Equal pay: local authority and limited liability partnership were “associated employers”

Gender equality

In DLA Piper’s latest case report, the Court of Session held that limited liability partnerships (LLPs) that were contracted to carry out duties that were formerly carried out by a local authority were “associated employers” of the council for equal pay purposes.

Glasgow City Council and others v Unison claimants and another [2014] CSIH 27 CS


In recent years, there has been a shift away from the provision of certain public services directly by local authorities, resulting in a trend towards restructuring the provision of public services in the form of “arm’s length external organisations” (ALEOs) and other enterprises.

The appellants in this case were two LLPs and Glasgow City Council. The LLPs were contracted to carry out duties that were formerly carried out by the local authority.

Employment tribunal and EAT decisions

Employees of the LLPs, backed by Unison and Fox Cross, raised claims in the employment tribunal under the Equal Pay Act 1970 (now replaced by the Equality Act 2010). They argued that they were entitled to equal pay in relation to their chosen comparators, who were individuals directly employed by the council. They argued that the LLPs were under the council’s effective control, as demonstrated by the fact that, under the LLP agreements, they were required to implement any direction of the council and the council was entitled to “99.999% of the profits” of the LLPs. Essentially, it was argued that the LLPs were just extensions of the council, carrying out public functions but at a distance in terms of formal structure.

The employment tribunal held that the Equal Pay Act 1970 applies only to “companies” and this could not be interpreted to include LLPs. As the council and the LLPs were not associated employers, the Equal Pay Act 1970 did not apply.

In the alternative, the claimants argued that the council was the “single source” of employment for the purposes of EU law. The tribunal disagreed and held that, although the council had theoretical control over the LLPs, it did not actually exercise this control and therefore it could not be the “single source” of employment.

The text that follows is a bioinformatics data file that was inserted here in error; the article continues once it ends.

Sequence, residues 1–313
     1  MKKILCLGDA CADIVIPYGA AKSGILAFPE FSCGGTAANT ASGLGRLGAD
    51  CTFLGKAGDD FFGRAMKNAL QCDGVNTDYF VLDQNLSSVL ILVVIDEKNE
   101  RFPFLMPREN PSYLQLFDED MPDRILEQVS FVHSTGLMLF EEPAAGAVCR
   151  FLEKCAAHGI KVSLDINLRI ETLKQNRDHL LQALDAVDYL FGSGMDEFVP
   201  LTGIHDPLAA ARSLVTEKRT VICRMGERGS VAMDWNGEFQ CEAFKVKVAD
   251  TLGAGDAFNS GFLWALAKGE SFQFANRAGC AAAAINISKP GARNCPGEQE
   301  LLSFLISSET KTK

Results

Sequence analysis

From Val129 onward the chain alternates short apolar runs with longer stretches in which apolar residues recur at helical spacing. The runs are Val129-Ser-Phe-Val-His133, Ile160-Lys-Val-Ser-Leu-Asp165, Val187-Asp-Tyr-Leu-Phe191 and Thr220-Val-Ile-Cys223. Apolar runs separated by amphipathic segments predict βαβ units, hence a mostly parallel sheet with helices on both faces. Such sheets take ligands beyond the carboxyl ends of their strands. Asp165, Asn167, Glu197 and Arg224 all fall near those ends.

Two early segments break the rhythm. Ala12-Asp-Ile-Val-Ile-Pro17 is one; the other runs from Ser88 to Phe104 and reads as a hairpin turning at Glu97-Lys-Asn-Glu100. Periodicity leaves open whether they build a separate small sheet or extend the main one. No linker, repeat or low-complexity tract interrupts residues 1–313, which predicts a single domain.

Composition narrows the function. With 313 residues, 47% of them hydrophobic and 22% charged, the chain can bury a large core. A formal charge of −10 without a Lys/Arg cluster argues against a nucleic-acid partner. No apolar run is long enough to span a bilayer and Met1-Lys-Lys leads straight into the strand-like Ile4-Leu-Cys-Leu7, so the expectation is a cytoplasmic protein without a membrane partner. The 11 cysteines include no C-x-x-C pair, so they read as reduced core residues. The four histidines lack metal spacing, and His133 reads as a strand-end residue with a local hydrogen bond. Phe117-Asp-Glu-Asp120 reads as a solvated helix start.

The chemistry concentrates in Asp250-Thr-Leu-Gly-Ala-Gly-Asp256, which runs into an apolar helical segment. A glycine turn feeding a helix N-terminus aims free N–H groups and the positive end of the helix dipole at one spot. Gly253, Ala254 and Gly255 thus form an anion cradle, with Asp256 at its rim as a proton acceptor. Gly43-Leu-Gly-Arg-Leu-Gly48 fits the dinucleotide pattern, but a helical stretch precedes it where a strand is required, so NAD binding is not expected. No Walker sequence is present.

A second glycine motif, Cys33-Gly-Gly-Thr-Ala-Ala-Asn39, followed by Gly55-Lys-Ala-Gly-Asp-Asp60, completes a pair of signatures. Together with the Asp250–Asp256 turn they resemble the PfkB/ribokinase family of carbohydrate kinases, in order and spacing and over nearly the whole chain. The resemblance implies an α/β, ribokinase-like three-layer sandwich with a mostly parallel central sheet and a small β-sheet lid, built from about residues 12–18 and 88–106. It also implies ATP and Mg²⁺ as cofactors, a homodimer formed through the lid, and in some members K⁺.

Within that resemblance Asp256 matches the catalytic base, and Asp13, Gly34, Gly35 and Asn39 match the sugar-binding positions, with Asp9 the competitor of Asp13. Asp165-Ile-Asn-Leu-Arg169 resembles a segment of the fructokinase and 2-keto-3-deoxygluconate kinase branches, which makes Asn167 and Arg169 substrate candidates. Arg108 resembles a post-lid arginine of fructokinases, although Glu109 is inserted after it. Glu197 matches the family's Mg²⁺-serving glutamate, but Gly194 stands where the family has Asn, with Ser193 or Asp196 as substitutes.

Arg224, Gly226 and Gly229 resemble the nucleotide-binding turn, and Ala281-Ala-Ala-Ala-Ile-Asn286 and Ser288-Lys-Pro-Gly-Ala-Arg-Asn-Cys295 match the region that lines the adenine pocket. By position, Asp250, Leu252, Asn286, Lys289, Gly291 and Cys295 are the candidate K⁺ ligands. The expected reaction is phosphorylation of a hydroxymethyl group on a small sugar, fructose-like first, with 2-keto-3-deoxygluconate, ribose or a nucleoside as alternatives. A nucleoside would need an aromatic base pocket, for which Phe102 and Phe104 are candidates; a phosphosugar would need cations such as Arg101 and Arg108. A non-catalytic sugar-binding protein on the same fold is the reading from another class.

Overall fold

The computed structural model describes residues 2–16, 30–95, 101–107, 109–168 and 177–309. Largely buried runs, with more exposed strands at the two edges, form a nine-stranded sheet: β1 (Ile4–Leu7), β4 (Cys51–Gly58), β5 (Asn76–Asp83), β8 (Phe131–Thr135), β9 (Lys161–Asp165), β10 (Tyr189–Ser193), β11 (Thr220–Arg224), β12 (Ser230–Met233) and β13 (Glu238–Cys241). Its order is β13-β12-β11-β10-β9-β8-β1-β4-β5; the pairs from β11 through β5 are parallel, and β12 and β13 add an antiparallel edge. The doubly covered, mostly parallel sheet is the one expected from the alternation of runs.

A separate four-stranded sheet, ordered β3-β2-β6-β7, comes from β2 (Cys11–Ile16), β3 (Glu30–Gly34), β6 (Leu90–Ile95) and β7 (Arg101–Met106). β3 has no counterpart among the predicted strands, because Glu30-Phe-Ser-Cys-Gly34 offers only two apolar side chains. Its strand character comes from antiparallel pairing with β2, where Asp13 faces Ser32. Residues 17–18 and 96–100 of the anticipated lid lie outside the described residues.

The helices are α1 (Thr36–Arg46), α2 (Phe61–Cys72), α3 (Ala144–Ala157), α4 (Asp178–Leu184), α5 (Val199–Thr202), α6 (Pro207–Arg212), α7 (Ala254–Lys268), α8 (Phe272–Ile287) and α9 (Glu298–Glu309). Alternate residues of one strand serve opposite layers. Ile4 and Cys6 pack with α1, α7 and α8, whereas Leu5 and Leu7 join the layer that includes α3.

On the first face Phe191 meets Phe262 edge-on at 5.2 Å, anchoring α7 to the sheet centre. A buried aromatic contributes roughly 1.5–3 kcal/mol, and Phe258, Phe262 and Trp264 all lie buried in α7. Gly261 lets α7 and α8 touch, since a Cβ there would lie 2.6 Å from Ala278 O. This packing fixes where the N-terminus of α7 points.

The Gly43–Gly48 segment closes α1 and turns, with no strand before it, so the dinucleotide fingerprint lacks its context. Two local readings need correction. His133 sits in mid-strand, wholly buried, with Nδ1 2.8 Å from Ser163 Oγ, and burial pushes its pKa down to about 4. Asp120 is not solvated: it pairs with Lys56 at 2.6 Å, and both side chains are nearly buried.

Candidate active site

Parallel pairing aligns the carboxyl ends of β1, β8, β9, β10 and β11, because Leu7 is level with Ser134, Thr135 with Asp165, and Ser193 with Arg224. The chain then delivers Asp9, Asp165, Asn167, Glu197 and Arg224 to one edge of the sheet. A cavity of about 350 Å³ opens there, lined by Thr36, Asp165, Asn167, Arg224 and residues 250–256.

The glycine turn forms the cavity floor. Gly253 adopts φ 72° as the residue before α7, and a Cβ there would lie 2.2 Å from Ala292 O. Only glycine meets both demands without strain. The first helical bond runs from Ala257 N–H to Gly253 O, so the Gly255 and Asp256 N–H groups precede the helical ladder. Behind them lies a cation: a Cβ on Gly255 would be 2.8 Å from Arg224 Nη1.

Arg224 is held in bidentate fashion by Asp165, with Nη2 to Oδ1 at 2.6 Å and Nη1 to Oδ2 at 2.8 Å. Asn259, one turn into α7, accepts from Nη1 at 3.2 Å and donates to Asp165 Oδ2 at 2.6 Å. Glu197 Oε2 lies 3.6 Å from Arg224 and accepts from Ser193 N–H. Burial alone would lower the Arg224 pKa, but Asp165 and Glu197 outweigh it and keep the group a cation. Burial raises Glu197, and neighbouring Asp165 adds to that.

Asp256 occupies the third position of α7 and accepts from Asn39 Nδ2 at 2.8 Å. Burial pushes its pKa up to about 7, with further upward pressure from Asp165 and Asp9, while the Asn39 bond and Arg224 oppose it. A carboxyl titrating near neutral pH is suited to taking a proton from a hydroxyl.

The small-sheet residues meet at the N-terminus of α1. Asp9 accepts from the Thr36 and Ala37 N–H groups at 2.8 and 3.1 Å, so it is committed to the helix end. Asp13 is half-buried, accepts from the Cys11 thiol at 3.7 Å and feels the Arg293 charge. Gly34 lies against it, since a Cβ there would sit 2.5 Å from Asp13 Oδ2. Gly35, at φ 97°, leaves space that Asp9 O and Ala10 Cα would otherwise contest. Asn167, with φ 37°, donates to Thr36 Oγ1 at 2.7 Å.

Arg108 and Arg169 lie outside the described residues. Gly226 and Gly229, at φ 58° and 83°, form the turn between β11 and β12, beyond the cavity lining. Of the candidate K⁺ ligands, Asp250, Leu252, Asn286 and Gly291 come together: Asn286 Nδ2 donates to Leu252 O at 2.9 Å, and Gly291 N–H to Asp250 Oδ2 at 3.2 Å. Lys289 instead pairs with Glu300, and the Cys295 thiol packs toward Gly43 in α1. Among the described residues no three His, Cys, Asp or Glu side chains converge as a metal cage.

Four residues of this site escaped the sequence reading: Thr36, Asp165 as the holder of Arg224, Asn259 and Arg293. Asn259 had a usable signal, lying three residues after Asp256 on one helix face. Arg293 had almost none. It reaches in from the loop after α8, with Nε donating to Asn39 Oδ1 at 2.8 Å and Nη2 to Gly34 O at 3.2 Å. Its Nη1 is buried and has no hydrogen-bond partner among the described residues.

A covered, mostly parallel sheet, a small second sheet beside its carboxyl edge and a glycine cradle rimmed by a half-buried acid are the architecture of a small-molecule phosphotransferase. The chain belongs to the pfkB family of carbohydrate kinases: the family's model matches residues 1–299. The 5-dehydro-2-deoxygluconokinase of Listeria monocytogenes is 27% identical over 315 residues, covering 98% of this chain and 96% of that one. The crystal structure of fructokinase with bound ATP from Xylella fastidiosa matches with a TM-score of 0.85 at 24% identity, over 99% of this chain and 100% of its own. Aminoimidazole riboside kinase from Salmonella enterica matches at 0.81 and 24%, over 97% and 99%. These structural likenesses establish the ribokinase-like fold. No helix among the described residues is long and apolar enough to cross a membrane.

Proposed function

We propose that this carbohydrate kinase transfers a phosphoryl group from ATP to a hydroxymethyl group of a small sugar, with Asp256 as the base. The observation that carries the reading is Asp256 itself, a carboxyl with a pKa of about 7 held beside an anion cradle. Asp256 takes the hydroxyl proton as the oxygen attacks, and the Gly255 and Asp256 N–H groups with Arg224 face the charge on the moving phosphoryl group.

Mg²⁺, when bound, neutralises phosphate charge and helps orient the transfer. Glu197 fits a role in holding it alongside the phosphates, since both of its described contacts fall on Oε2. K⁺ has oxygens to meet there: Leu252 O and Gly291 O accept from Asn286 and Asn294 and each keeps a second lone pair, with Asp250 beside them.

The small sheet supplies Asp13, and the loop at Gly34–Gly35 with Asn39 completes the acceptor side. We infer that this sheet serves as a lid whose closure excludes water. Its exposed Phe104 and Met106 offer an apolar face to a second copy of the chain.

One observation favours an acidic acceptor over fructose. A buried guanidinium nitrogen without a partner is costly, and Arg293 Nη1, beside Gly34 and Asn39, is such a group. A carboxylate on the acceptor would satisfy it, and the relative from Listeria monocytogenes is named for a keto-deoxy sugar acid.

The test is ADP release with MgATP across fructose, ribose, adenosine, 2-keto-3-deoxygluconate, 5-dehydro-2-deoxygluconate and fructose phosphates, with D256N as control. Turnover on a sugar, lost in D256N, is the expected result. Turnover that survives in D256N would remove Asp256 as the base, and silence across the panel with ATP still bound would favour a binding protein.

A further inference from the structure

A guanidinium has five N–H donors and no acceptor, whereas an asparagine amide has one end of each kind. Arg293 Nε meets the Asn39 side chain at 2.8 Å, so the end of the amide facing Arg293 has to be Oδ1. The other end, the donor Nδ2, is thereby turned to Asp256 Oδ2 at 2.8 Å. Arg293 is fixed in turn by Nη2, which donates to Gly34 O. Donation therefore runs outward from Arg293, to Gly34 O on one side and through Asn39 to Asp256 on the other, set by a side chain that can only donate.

The claimants appealed to the EAT, which overturned the tribunal’s decision and found in their favour. The council and the LLPs then appealed the case to the Scottish Court of Session.

Court of Session decision

The Scottish Court of Session held that the term “companies” in the Equal Pay Act 1970 should be interpreted to include LLPs. An LLP is an economic entity with a separate legal personality from its members and a limitation of liability by definition. It has many features in common with a company. The Court of Session held that the Equal Pay Act 1970 should be interpreted to comply with the principles of the Equal Pay Directive. The council and the LLPs were held to be associated employers, and comparator employees were entitled to receive equal pay.

Once this was established, it was no longer necessary for the claimants to rely on the direct effect of art.157 and show that the council was the “single source”. However, the Court of Session made its view clear that the council could be the “single source” of employment, seeing as the LLPs were owned by the council and were subject to scrutiny from the council.


In these times of outsourcing and restructuring, it is important for employers to remain vigilant in relation to equal pay issues as employees are transferred to different ALEOs or other branches of a corporate structure. The equal pay legislation has been broadly interpreted to apply to commercial entities with distinct legal personality, rather than restricted specifically to companies.

Employers should be mindful of the risk of claims and take steps to identify situations where comparator employees might exist in separate branches of the organisation and ensure that employees receive equal pay for equal work. In situations where two or more entities may be considered to be “associated employers”, a review of employees’ contractual terms and conditions with a view to ensuring equality between comparators is a valuable aspect of risk management strategy prior to an outsourcing or restructuring.

Kate Hodgkiss

About Kate Hodgkiss

Kate Hodgkiss is a partner at DLA Piper.
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